In the software, I had an unlimited budget to make the glass of the aquarium just as I liked. I started with this idea:

Underwater beauty: aquarium glass

This is how you make glass. It's transparent, but it's reflecting and bending some of the light that goes through it. There can be also seams from the construction of the aquarium. See the top of the glass? That's simply a Curves layer with a layer mask with that shape. If you look at the borders, you will see a dark line and a light line. Again two Curves layers with a layer mask shaped as a thin line: one darker and one lighter. Sometimes you have to make a gradient from a lighter to a darker hue to simulate glass. This was all just for educational purposes. I didn't use that design. For the final image, I went with a big seamless glass with a slight gradient made with a Curves layer.

I like drawing, but I'm not good at it, so I try to practice it whenever I can. In this case, I got paid for that experiment. Having sharks in the frame needed images of sharks. As, according to the idea, they were further away, I decided to try to draw them by hand and hoping nobody would notice. It's easy:

Step 1. Open an image reference on your phone.
Step 2. Draw a curve.
Step 3. Draw another curve and a few lines.
Step 4. Draw dots for the eyes.
Step 5. Throw in some colors.
Step 6. Play with the scale and add some shadow below the shark.
Step 7. Repeat the above for the other two sharks.

The sharks do not have any detail. It's all about the colors that make the illusion they are "photographs." Could I just buy stock images of sharks instead? Sure, but why not do some skills honing when you get paid for that?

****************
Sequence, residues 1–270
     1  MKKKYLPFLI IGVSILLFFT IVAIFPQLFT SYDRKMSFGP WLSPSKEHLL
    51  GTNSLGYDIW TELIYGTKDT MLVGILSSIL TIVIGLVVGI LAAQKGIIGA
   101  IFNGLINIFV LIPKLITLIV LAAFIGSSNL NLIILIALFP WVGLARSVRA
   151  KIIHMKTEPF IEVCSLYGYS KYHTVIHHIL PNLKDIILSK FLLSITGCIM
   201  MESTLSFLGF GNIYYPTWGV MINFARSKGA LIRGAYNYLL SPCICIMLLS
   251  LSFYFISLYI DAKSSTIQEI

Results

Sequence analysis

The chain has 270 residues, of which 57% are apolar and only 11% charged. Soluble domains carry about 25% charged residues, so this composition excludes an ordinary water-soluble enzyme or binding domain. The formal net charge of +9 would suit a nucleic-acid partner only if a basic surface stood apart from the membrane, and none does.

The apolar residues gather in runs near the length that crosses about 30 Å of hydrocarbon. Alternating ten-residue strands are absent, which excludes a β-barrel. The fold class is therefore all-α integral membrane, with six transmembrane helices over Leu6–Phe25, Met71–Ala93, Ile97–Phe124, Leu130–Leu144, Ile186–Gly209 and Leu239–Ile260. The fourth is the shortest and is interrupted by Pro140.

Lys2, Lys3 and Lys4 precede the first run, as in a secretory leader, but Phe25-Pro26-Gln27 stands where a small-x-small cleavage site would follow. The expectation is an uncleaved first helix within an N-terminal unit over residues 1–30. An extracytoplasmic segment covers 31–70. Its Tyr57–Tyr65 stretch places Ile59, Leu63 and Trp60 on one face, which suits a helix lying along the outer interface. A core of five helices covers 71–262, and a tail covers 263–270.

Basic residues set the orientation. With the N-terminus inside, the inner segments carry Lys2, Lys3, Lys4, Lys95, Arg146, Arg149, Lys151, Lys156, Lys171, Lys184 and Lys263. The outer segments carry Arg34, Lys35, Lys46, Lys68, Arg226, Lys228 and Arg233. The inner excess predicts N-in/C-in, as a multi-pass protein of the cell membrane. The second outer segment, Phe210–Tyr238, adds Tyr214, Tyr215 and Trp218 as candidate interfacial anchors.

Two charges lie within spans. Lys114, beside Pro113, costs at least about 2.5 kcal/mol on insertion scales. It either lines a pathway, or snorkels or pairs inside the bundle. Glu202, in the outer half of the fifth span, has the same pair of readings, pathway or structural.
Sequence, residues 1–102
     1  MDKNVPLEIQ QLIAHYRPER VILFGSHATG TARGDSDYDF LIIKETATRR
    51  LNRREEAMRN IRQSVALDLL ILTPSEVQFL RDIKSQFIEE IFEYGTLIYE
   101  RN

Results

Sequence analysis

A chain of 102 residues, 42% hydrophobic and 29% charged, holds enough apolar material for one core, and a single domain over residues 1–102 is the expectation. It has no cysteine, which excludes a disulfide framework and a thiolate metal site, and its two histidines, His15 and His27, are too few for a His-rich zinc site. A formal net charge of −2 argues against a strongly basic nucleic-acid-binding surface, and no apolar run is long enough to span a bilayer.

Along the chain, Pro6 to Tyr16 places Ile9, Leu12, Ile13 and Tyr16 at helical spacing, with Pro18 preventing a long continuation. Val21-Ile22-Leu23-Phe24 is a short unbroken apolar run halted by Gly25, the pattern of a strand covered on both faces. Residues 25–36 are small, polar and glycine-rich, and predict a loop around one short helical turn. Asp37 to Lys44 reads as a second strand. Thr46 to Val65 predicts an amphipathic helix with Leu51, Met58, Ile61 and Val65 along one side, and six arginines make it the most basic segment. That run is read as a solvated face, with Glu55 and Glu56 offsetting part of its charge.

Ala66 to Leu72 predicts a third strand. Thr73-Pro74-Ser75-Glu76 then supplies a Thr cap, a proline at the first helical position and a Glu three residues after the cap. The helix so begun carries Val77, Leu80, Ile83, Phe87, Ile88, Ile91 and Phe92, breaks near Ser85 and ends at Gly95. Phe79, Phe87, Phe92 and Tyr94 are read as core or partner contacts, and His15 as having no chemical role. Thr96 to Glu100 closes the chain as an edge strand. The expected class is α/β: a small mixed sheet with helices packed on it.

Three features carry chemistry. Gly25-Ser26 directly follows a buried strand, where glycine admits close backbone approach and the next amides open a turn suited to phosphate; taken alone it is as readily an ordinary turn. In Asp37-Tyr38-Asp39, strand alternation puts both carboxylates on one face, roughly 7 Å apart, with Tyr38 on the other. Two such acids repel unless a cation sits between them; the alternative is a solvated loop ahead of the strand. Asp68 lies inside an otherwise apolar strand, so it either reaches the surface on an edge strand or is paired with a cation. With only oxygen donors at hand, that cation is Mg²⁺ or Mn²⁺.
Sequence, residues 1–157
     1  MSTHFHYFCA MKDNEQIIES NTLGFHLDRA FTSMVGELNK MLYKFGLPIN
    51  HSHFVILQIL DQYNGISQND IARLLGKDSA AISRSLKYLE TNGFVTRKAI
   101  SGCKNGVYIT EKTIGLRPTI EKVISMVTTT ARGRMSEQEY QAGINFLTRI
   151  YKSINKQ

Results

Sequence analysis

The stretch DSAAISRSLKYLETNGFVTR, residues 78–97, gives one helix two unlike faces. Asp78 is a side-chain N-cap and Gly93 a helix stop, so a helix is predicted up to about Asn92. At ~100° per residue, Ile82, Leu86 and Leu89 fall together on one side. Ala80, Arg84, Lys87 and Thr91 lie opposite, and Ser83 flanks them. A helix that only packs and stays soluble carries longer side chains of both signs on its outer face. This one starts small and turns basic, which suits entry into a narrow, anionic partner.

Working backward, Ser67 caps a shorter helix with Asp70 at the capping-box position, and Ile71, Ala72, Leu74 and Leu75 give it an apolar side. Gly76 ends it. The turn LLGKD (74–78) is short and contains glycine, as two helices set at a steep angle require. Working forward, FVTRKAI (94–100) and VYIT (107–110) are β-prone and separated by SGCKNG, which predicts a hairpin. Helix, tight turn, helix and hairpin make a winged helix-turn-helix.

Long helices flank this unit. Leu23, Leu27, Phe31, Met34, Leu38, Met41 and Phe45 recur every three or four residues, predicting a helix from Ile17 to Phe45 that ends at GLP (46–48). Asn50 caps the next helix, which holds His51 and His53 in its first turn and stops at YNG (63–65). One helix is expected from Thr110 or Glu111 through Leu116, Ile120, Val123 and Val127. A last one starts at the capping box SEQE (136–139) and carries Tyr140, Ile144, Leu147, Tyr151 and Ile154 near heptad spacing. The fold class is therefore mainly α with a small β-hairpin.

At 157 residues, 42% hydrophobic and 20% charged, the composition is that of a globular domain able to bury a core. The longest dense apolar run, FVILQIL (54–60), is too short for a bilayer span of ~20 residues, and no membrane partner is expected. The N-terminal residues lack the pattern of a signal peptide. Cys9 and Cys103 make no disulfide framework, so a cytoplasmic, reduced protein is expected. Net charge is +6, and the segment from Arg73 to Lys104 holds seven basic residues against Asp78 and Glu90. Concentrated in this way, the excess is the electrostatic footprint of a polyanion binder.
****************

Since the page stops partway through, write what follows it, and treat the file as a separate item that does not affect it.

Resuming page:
The rest of it was adjusting the light on the floor, making the dress longer by stitching the end part to the original dress, and color grading the final result. You can see a time-lapse of the whole process:

The Gear

The key is not in the gear. You can shoot that with any camera you can have full manual control over. You can shoot that with any lights, even from Home Depot, because in this particular idea you don't aim for perfect skin colors or perfect color representation of the fabric of the dress. For the record, I used a Canon 7D (the first version). For the light modifiers, I used an Elinchrom Rotalux Octabox and an Elinchrom Umbrella. I used Elinchrom Ranger Quadra strobes for the very lights. However, you can use any other camera or lights to achieve the same result. I would not write that last sentence if that was an article sponsored by Elinchrom and Canon.


It's all about the idea, folks. You can execute it whether or not you have the budget. Use your imagination. It's the most important tool in your toolbox.

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Spy Black's picture

"I don't like working in Photoshop but I had to work in Photoshop."

Not the best way to start a project. ;-) Great job tho.

Tihomir Lazarov's picture

I see the title of my next article: "Want to work less in Photoshop? Get rich."

Thanks for sharing this.

Tihomir Lazarov's picture

You're welcome